MAPUTO: Southern African leaders held an emergency summit Thursday aimed at hauling Zimbabwe's fragile power-sharing deal out of a three-week impasse that has paralysed the unity government.

Mozambican President Armando Guebuza opened the closed-door summit with a call on Zimbabwe's rival leaders to overcome their differences to ensure political and economic stability.

"We want to see the parties reiterate their commitment to continue working together to overcome the present challenges, always putting, as they have done, the national interest of their country first," Guebuza said in opening remarks distributed to reporters.

"Everything possible should be done to maintain political stability and the continued influx of foreign investment necessary for the progress of the ongoing process of relaunching the country's economy."

A coalition of Zimbabwean civil society groups meanwhile said the unity deadlock between President Robert Mugabe and Prime Minister Morgan Tsvangirai had been accompanied by "a marked increase in threats to the rule of law".

The Zimbabwean Civil Society Monitoring Mechanism held a press conference on the sidelines of the summit to denounce an increase in abductions, torture, farm invasions and political violence in recent weeks.

The group urged leaders from the Southern African Development Community (SADC), the regional bloc that organized the summit, to take a tougher stance on Zimbabwe.

"Our presence is meant to put pressure on SADC to ensure that they cease treating Mugabe with kid gloves," spokesman McDonald Lewanika told AFP.

"SADC countries (need) to begin to take the Zimbabwean question seriously and to do what is good, not just by Mugabe but by the people of Zimbabwe."

Long-time rivals Mugabe and Tsvangirai agreed to form a unity government in February in the wake of deadly violence that erupted after disputed elections last year.

The pact helped arrest Zimbabwe's economic free-fall and created an opening to repair its international ties, amid Western calls for greater signs of reform from Mugabe, the country's ruler since 1980.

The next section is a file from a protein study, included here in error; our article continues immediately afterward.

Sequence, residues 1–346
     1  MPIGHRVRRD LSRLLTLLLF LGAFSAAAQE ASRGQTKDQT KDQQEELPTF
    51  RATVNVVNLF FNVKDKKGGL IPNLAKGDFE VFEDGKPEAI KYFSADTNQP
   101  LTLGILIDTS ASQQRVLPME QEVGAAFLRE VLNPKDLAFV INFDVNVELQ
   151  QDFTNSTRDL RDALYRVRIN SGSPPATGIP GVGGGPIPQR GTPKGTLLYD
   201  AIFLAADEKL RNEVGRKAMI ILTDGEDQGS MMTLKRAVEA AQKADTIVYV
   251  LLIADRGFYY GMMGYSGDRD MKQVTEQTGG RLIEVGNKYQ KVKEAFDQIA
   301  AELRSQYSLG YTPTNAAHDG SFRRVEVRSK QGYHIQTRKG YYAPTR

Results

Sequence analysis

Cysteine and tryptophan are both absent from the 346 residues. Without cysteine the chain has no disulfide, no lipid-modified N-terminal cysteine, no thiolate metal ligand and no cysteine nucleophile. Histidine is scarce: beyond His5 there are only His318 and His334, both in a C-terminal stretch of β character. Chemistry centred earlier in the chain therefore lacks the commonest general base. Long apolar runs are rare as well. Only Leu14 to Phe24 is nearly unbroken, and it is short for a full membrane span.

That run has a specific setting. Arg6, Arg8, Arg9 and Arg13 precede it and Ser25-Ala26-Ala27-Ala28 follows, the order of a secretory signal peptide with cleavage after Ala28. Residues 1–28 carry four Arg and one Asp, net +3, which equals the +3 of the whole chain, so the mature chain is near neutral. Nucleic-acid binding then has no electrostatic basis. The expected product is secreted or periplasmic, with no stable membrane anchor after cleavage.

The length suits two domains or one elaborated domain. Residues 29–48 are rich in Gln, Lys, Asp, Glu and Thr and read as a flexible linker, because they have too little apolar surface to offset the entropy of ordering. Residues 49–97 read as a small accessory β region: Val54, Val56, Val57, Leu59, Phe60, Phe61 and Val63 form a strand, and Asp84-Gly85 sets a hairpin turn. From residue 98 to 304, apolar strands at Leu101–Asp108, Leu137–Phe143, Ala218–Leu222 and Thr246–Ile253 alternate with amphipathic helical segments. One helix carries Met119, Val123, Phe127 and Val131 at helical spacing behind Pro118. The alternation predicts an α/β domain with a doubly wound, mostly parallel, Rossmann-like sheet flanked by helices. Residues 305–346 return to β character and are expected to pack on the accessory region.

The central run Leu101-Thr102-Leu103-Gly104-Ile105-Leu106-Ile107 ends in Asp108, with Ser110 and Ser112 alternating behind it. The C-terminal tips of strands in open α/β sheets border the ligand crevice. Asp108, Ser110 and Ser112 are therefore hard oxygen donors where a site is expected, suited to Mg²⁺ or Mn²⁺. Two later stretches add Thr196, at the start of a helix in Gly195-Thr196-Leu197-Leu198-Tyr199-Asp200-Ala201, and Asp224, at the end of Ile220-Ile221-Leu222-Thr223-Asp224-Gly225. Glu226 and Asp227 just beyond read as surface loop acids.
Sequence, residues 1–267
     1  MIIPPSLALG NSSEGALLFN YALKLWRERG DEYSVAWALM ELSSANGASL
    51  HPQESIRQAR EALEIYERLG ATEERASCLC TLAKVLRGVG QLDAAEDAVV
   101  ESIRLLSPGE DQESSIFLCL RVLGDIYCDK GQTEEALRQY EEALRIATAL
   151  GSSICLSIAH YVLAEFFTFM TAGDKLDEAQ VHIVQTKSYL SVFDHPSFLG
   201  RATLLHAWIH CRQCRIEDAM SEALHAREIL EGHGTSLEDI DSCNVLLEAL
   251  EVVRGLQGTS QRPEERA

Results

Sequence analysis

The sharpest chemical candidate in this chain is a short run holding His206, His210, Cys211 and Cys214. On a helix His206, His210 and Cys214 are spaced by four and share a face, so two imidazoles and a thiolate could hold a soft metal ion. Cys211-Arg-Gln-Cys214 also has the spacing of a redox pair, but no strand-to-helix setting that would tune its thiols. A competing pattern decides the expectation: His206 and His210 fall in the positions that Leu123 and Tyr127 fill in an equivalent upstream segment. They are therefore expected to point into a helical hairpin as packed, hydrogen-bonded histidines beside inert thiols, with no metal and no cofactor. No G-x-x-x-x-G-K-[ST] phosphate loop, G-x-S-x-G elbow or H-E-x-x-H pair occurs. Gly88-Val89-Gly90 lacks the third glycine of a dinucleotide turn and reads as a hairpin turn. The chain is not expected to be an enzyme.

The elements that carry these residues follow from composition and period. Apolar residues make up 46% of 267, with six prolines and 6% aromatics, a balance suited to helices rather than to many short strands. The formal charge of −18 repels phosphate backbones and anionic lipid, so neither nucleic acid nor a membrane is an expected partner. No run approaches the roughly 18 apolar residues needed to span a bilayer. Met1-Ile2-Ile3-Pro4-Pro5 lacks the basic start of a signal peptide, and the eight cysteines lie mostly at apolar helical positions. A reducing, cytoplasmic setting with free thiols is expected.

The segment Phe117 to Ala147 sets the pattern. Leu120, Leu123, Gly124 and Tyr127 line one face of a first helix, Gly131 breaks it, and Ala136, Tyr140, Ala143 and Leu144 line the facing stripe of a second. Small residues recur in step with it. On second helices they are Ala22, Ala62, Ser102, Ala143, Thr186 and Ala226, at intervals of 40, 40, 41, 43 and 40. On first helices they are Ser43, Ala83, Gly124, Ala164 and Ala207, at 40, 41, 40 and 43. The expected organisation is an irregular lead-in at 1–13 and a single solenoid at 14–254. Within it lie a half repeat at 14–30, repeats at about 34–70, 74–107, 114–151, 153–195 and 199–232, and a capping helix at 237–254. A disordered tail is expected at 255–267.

But the agreement has been plagued by disputes over the appointment of provincial governors and Mugabe's unilateral re-appointment of central bank chief Gideon Gono and attorney general Johannes Tomana.

Tsvangirai's Movement for Democratic Change (MDC) also claims its lawmakers have been targeted for government persecution.

Tsvangirai's decision to suspend ties on October 16 was sparked by the renewed detention of MDC treasurer Roy Bennett on terrorism charges.

Armed police also raided an MDC house last month claiming they were searching for weapons. But the MDC accused Mugabe's ZANU-PF party and security forces opposed to the unity government of staging the raid for political reasons.

After cutting ties with the "dishonest and unreliable" Mugabe camp, Tsvangirai embarked on a regional tour, appealing to southern African leaders to intervene in the stand-off.

Thursday's summit was organised by regional bloc SADC's security and defence troika, which currently comprises Mozambique, Swaziland and Zambia and is chaired by Guebuza.

Leaders from the troika countries, current SADC chair the Democratic Republic of Congo and regional powerbroker South Africa will hear a report from a fact-finding mission that visited Zimbabwe last week, a top official said.

Tomaz Salomao, secretary general of the Southern African Development Community, said the summit would also address the political situations in Lesotho and Madagascar, both of which have been plagued by instability in recent months.